In a panel discussion about demonstrating sponsorship’s worth at the Marketing Week Sponsorship Summit today (24 September), both marketers and rights holders agreed that there is a greater need to measure effectiveness at present.
Patrick Wendt, marketing manager at Toyota Racing F1, said that research is increasingly being discussed in negotiations with existing partners, while the sport’s top teams are currently discussing what research is necessary collectively for the first time.
Naomi Conway, head of development at the National Portrait Gallery, added that there was a greater need to provide “hard and fast evidence” and recently saw an arts sponsorship contract with a Return on Investment clause written in, the first she had seen in the arts.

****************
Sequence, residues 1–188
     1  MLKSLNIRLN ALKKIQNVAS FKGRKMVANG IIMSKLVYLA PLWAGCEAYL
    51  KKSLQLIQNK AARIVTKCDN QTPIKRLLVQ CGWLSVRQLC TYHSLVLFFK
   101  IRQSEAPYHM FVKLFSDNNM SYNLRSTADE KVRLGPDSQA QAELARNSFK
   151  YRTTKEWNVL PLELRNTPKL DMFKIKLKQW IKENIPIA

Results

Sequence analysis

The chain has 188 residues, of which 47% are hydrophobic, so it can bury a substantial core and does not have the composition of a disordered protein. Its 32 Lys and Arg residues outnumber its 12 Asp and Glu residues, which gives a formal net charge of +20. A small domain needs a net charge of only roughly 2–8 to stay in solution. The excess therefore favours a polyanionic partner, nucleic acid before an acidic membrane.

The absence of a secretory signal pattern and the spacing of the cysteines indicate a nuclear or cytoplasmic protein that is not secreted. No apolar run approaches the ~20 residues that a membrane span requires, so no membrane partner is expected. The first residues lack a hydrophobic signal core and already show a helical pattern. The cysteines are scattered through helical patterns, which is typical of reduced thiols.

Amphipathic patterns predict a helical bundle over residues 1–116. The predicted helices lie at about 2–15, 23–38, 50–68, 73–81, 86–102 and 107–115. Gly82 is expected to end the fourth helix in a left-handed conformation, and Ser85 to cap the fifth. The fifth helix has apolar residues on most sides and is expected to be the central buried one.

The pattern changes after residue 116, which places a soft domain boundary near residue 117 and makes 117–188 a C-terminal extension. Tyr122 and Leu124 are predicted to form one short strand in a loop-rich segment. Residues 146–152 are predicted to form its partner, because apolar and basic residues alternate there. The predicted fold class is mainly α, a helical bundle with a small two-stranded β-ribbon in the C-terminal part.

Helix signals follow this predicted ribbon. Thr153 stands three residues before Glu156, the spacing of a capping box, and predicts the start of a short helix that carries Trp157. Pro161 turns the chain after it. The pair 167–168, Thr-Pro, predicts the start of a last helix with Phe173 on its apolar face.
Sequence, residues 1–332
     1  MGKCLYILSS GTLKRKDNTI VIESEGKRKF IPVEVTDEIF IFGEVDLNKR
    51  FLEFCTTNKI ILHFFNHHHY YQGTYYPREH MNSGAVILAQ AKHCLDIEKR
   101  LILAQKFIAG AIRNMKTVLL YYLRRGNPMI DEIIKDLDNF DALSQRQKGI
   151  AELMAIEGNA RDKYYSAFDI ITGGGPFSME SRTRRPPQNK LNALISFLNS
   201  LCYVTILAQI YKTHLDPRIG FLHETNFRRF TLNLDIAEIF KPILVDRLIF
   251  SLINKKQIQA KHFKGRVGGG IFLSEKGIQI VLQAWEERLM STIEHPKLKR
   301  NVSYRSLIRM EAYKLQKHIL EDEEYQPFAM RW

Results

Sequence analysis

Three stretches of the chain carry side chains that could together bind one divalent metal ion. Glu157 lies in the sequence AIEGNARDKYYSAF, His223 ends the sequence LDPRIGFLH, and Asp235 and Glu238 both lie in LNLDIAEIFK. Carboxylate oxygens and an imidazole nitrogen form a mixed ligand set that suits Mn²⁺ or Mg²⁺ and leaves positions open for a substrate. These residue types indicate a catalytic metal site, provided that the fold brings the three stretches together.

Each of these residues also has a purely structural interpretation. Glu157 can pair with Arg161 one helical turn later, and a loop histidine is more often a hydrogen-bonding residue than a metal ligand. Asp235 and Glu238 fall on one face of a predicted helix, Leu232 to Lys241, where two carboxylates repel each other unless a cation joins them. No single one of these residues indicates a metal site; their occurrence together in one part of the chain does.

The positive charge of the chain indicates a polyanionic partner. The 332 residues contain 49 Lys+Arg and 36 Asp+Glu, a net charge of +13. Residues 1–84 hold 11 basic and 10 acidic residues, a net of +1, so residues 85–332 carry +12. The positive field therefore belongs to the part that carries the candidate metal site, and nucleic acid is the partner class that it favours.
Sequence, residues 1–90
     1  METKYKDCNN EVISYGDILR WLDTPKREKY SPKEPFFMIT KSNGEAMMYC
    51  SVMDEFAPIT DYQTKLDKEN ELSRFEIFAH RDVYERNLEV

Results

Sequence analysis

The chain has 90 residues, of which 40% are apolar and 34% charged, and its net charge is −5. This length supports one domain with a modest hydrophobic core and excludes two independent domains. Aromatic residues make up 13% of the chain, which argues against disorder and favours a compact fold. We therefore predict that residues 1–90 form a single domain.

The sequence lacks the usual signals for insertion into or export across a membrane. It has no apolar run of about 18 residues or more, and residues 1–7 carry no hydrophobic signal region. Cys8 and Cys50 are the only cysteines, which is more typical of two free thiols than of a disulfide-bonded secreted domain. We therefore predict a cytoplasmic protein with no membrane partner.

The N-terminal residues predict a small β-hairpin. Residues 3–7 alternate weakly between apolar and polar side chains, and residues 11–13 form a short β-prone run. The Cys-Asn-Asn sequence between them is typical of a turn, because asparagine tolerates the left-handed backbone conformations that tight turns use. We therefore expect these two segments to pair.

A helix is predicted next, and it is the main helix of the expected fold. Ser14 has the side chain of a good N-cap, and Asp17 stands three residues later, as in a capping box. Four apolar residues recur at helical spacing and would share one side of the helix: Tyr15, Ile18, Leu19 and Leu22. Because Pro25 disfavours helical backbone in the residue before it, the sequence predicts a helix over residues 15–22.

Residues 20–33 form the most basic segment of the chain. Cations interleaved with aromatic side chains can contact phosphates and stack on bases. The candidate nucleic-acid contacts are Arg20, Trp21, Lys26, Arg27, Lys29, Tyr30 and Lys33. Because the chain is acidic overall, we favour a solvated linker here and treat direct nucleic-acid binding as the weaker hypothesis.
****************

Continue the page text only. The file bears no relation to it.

Tanya Veingard, head of sponsorship at Aviva UK, which sponsors UK Athletics, said that investment in necessary to evaluate the success of a sponsorship even in a recessionary environment, adding cutting research budgets is a “dangerous thing to do”.
In a separate session Coca-Cola marketer Jonatahn Ford said that sponsorship was not about satisfying the “bean counters” with Return on Investment (ROI) calculations but about engagement.
European sponsorship manager Ford said that he did not believe in return on investment calculations for sponsorships.
“Measurement is fundamentally flawed”, he said, adding that although there is a need to measure certain things sponsorship is about engagement with customers and putting legacies in place through long-term associations, using its long-standing partnership with the Olympic Games as an example.
“It is not a matter that you can’t measure effectiveness, but you can’t sum that together in one ROI number that the bean counters ask for,” he said.
Coca Cola recently unveiled details of a global marketing campaign to support its sponsorship of the 2010 FIFA World Cup in South Africa.
The integrated activity is “inspired by the joyous dance celebrations” familiar to Africa.